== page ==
History of Estonia between 1800 BC - 501 BC
The beginning of the Bronze Age in Estonia is dated to approximately 1800 BC. The development of the borders between the Finnic peoples and the Balts was under way. The first fortified settlements, Asva and Ridala on the island of Saaremaa and Iru in the Northern Estonia began to be built. The development of shipbuilding facilitated the spread of bronze. Changes took place in burial customs, a new type of burial ground spread from Germanic to Estonian areas, stone cist graves and cremation burials became increasingly common aside a small number of boat-shaped stone graves.
About 7th century BC, a big meteorite hit Saaremaa island and created the Kaali craters. About 325 BC, the Greek explorer Pytheas possibly visited Estonia. The Thule island he described has been identified as Saaremaa by Lennart Meri, though this identification is not widely considered probable, as Saaremaa lies far south of the Arctic Circle.
The Beckov castle stands on a steep 50 m tall rock in the village Beckov. The dominance of the rock and impression of invincibility it gaves, challenged our ancestors to make use of these assets. The result is a remarkable harmony between the natural setting and architecture.
The castle first mentioned in 1200 was originally owned by the King and later, at the end of the 13th century it fell in hands of Matúš Èák. Its owners alternated - at the end of the 14th century the family of Stibor of Stiborice bought it.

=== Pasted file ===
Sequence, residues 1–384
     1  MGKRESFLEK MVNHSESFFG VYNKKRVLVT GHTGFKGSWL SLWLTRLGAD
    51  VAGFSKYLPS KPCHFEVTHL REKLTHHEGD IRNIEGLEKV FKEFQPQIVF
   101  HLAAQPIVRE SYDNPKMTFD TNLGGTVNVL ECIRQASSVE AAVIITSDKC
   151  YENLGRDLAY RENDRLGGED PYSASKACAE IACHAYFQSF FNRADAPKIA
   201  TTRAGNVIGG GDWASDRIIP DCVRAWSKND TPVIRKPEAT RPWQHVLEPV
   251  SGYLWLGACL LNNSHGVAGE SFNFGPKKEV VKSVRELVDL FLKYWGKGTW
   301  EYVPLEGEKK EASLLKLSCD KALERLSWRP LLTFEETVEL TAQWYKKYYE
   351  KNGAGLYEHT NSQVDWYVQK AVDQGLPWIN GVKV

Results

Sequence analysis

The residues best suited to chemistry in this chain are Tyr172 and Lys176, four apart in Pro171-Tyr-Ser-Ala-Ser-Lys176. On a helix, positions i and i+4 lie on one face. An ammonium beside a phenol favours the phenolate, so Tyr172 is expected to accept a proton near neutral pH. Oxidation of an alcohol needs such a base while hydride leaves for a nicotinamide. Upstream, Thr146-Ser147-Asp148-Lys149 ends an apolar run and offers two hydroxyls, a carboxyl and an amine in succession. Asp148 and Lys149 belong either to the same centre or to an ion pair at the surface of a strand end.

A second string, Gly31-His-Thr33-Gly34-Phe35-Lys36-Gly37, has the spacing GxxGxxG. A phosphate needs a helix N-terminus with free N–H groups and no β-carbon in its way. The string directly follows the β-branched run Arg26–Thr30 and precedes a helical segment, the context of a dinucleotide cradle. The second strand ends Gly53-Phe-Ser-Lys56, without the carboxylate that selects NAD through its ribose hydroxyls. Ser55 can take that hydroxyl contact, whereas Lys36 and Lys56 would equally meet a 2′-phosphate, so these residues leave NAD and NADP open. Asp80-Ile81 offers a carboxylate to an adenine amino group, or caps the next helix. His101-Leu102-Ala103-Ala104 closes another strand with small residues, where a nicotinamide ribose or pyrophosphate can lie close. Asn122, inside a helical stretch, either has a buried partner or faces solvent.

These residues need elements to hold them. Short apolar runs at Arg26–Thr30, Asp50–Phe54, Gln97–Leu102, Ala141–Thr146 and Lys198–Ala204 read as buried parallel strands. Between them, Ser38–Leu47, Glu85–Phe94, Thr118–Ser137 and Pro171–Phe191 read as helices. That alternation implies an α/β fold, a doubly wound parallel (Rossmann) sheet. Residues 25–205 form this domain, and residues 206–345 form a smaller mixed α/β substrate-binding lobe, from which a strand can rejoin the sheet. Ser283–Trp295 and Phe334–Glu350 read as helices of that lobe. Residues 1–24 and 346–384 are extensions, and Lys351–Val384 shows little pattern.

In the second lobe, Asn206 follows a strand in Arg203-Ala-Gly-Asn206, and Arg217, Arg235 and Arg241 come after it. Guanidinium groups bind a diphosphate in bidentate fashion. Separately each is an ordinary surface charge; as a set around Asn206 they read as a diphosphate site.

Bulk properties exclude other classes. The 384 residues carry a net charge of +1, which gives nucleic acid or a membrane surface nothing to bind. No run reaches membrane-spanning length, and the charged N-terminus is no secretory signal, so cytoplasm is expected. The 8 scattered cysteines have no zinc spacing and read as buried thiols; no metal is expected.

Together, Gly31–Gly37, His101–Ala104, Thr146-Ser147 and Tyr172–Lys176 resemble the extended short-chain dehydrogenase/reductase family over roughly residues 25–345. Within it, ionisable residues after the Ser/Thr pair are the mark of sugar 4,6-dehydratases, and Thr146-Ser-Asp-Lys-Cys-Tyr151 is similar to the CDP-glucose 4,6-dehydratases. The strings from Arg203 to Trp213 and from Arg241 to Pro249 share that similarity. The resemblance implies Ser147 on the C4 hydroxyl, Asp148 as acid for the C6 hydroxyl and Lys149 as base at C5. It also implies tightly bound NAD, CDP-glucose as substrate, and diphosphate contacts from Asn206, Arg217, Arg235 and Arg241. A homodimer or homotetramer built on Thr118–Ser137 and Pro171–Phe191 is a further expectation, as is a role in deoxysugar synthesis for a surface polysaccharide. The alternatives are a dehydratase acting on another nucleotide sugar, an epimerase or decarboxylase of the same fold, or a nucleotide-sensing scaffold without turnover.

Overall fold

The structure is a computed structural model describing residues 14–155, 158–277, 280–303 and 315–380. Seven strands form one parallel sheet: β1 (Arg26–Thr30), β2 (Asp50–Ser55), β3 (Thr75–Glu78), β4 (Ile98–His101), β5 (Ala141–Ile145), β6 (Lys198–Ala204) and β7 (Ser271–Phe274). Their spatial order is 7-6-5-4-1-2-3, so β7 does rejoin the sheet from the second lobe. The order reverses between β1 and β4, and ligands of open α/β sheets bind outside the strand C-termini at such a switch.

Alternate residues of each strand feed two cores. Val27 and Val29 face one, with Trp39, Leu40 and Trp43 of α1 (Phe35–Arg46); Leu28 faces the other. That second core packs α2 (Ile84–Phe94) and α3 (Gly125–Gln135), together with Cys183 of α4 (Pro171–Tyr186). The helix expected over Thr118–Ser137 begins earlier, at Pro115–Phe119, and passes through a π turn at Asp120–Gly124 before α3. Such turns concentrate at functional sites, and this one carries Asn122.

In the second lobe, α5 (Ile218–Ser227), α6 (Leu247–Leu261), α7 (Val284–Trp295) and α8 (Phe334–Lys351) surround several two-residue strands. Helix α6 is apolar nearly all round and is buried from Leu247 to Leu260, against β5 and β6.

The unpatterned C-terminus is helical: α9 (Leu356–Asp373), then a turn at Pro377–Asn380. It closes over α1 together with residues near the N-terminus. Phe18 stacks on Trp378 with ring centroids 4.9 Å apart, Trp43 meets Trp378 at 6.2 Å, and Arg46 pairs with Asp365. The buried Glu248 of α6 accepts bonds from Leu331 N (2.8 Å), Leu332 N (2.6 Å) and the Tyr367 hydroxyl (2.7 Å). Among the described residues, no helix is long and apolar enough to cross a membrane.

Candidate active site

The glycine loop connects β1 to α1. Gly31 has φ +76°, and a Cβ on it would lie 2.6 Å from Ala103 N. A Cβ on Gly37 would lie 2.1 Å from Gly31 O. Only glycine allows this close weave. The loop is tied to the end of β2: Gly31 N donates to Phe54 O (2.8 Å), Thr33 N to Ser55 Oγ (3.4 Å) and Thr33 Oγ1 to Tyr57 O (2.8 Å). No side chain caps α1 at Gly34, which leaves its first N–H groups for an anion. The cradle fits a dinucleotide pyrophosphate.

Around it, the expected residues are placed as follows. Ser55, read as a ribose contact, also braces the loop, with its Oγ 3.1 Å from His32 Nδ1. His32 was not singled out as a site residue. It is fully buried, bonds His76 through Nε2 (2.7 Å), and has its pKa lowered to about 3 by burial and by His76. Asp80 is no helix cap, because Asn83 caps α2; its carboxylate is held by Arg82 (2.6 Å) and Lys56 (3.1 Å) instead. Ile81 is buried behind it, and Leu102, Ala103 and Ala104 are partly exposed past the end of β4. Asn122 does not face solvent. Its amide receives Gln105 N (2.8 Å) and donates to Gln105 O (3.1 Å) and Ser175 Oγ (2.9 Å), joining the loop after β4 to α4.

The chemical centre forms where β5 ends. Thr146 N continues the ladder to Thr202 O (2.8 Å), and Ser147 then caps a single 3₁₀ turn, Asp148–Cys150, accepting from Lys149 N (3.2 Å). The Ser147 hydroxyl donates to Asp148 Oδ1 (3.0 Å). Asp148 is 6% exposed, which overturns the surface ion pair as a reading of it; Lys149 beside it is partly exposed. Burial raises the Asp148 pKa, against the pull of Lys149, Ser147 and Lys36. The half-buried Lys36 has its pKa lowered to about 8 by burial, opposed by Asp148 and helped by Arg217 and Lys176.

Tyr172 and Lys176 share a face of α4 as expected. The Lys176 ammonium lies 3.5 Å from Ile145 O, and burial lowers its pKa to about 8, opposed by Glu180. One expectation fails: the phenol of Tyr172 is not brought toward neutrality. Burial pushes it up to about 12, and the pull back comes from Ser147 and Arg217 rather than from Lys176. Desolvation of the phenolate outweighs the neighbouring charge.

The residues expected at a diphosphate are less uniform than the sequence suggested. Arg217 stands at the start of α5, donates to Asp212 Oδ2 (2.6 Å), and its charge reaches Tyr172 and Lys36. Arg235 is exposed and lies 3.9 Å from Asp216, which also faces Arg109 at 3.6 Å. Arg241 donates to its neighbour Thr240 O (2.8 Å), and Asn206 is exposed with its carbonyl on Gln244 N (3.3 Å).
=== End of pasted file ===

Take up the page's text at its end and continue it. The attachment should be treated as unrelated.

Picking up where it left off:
The next owners, the Bánffys who adapted the Gothic castle to the Renaissance residence, improved its fortifications preventing the Turks from conquering it at the end of the 16th century. When Bánffys died out, the castle was owned by several noble families. It fell in decay after fire in 1729.
The history of the castle is the subject of different legends. One of them narrates the origin of the name of castle derived from that of jester Becko for whom the Duke Stibor had the castle built.
Another legend has it that the lord of the castle had his servant thrown down from the rock because he protected his child from the lords favourite dog. Before his death, the servant pronounced a curse saying that they would meet in a year and days time, and indeed precisely after that time the lord was bitten by a snake and fell down to the same abyss.
The well-conserved ruins of the castle, now the National Cultural Monument, are frequently visited by tourists, above all in July when the castle festival takes place. The former Ambro curia situated below the castle now shelters the exhibition of the local history.